It is a seemingly simple idea that is having a profound impact on the survival of juvenile salmon.
Twenty-five shelters – massive root systems from old walnut trees, each one bolted to a 12,000-pound limestone boulder and sunk below the Sacramento River – are giving young salmon fry a place to hide from large predators.
Placed in the cold, deep waters near Redding, the shelters entice the young salmon to stay in colder waters longer, thus increasing their odds of healthy maturation before their journey to the Pacific Ocean.
Results reveal juvenile salmon are using the structures. It is an exciting development for a pilot project that had yet to be proven. We hope to soon see more structures placed in other locations along the Sacramento River, as well as in other California rivers.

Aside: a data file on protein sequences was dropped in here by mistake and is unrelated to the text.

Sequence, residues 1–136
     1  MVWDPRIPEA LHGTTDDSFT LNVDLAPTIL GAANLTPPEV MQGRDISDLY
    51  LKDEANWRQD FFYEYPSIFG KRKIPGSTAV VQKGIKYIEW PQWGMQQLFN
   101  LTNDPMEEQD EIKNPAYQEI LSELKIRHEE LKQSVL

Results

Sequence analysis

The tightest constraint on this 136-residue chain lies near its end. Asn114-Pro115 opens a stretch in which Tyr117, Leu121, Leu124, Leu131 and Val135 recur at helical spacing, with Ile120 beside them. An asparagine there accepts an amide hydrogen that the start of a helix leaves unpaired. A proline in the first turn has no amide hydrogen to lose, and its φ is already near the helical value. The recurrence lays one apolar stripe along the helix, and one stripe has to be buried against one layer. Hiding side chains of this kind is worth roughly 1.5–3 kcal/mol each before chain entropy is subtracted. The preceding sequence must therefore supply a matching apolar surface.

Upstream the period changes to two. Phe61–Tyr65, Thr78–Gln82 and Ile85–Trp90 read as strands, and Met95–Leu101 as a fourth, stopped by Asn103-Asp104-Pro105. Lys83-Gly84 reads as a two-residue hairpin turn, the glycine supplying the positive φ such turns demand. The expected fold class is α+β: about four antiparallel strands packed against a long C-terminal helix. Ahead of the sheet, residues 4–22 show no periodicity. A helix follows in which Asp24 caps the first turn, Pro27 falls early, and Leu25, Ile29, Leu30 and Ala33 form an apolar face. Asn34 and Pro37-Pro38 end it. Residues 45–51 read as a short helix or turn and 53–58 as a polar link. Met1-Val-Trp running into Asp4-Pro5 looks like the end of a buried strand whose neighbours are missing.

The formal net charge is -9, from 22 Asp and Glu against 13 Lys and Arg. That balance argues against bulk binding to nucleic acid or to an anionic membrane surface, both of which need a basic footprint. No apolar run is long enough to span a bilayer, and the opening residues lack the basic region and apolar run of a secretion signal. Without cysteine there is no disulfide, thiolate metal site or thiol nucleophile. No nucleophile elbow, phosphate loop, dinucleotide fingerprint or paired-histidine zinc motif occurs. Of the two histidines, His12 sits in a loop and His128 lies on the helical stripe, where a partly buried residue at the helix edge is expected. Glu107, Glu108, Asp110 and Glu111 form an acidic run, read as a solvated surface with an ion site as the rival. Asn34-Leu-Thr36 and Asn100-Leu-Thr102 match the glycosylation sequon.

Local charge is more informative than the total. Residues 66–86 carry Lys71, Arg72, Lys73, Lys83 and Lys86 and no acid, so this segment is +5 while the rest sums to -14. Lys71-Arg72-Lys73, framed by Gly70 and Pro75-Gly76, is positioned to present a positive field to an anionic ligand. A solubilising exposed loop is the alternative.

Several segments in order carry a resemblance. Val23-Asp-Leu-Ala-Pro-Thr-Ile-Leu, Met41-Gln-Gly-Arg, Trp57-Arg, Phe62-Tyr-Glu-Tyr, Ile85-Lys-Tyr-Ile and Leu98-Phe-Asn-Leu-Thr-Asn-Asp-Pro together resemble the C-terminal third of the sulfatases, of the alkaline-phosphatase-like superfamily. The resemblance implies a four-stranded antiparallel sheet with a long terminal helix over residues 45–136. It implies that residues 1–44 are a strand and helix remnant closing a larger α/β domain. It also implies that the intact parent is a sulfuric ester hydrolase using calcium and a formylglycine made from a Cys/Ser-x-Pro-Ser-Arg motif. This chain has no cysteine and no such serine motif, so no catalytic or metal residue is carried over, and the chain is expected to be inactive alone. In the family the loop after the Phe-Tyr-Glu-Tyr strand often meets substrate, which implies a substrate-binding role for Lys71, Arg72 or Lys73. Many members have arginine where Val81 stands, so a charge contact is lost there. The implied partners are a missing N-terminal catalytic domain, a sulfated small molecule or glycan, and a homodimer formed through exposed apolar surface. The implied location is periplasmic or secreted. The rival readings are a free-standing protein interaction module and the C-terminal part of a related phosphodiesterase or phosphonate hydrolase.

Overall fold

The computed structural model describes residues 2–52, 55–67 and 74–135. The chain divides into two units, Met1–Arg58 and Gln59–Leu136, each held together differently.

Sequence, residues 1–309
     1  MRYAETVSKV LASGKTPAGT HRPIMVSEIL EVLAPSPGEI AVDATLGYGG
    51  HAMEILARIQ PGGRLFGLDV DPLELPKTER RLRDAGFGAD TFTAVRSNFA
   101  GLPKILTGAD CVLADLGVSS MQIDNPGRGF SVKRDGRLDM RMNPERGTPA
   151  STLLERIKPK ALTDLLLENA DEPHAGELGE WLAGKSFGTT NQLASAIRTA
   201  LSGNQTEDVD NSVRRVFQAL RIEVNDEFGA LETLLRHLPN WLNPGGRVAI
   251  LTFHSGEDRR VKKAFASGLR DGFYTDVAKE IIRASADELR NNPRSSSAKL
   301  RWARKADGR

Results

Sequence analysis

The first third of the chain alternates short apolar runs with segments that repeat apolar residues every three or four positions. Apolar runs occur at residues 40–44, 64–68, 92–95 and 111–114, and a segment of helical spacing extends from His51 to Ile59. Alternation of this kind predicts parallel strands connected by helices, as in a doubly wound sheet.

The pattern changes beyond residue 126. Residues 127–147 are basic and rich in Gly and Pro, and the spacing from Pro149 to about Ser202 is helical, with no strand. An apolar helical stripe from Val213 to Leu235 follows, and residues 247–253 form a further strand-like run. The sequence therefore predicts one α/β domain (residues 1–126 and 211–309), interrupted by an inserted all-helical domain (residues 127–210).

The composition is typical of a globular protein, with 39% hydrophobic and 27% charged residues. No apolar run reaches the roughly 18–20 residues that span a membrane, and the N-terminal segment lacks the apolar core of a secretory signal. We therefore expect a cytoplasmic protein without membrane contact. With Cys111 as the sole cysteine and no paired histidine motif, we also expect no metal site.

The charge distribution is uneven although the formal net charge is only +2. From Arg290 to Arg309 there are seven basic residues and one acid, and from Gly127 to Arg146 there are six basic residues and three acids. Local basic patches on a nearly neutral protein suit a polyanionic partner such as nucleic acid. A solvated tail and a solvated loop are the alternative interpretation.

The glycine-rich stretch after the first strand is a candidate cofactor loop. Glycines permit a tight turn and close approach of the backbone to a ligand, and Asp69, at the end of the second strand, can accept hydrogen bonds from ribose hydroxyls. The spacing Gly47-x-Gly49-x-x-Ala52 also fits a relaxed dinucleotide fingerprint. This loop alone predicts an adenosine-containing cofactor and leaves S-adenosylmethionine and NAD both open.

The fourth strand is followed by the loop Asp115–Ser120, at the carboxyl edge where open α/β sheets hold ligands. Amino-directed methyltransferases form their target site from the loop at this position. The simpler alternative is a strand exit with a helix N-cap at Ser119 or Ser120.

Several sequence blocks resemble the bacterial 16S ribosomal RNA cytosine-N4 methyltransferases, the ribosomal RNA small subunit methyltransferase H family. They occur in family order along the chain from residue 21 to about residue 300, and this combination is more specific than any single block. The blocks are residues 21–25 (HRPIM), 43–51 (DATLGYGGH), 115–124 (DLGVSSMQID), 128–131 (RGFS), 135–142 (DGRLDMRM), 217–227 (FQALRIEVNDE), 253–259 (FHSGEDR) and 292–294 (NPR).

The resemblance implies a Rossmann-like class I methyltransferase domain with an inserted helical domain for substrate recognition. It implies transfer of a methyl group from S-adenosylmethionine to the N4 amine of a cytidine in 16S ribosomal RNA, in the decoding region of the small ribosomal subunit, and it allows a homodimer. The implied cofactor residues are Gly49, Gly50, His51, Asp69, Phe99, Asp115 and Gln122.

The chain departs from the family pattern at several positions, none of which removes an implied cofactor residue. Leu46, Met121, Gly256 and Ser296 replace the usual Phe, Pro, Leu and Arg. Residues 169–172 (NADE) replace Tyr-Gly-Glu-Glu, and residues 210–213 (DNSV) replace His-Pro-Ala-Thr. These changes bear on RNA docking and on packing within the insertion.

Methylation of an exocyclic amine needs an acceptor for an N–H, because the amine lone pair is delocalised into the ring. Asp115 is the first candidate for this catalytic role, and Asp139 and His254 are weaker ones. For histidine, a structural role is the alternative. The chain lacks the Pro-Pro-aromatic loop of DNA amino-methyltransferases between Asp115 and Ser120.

River Garden Farms funded and coordinated the majority of this project with additional assistance from U.S. Bureau of Reclamation, Northern California Water Association, Sacramento Settlement Contractors, National Marine Fisheries Service, and Western Shasta Resource Conservation District.
See the video below to join us on site as our team builds a shelter for young salmon below the Sacramento river.